Document Type


Publication Title

Higher Education in Review

Publication Date




First Page



In this article I trace the legal history, through court opinions, of in loco parentis (Latin for “in the place of the parent”) as applied to the relationship between American universities and their students. I demonstrate that until the 1960s, the in loco parentis doctrine allowed universities to exercise great discretion in developing the “character” of their students without respect to their students’ constitutional rights. The demise of this doctrine forced courts, and universities themselves, to redefine the relationship of universities with their students in important ways.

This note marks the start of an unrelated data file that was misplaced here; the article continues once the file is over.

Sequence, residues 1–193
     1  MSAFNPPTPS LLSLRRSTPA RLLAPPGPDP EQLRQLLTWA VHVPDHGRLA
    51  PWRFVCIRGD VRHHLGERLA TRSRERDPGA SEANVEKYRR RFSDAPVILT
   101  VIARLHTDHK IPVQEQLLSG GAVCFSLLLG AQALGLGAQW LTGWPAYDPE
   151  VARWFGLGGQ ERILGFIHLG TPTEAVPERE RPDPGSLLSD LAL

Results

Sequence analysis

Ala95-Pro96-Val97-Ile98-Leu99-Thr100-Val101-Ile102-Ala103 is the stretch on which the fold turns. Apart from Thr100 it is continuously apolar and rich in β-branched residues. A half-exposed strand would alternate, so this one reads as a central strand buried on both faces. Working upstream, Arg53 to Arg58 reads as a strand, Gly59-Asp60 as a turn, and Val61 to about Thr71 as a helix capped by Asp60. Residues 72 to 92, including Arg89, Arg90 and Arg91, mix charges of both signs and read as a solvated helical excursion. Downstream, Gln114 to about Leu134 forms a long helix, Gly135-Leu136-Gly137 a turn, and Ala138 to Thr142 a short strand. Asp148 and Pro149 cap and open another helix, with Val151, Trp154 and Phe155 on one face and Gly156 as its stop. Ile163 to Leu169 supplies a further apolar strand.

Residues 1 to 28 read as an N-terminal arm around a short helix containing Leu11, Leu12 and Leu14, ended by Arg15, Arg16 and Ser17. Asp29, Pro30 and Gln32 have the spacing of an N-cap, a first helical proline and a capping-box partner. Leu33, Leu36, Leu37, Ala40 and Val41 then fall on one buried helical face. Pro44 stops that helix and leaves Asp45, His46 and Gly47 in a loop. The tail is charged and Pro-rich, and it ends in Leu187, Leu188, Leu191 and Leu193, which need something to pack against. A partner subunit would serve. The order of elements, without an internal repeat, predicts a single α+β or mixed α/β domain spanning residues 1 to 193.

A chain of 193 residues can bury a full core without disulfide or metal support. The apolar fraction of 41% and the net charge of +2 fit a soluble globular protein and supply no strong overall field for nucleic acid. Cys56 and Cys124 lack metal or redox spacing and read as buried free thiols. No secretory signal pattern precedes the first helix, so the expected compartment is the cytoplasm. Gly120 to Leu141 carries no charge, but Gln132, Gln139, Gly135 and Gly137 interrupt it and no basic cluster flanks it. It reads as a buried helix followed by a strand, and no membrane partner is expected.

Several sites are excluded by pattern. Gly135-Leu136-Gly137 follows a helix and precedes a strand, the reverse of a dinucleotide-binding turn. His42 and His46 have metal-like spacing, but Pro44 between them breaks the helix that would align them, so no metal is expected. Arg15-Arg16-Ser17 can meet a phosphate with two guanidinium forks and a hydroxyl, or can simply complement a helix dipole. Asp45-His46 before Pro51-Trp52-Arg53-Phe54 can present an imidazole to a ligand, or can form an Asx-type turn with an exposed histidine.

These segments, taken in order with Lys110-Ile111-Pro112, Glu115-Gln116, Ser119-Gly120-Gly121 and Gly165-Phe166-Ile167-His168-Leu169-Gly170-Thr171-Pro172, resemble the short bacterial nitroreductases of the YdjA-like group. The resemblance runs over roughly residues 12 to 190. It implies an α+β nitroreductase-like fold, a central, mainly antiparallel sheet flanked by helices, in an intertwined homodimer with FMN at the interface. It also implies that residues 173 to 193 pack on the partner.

To view the content in your browser, please download Adobe Reader or, alternately,
you may Download the file to your hard drive.

NOTE: The latest versions of Adobe Reader do not support viewing PDF files within Firefox on Mac OS and if you are using a modern (Intel) Mac, there is no official plugin for viewing PDF files within the browser window.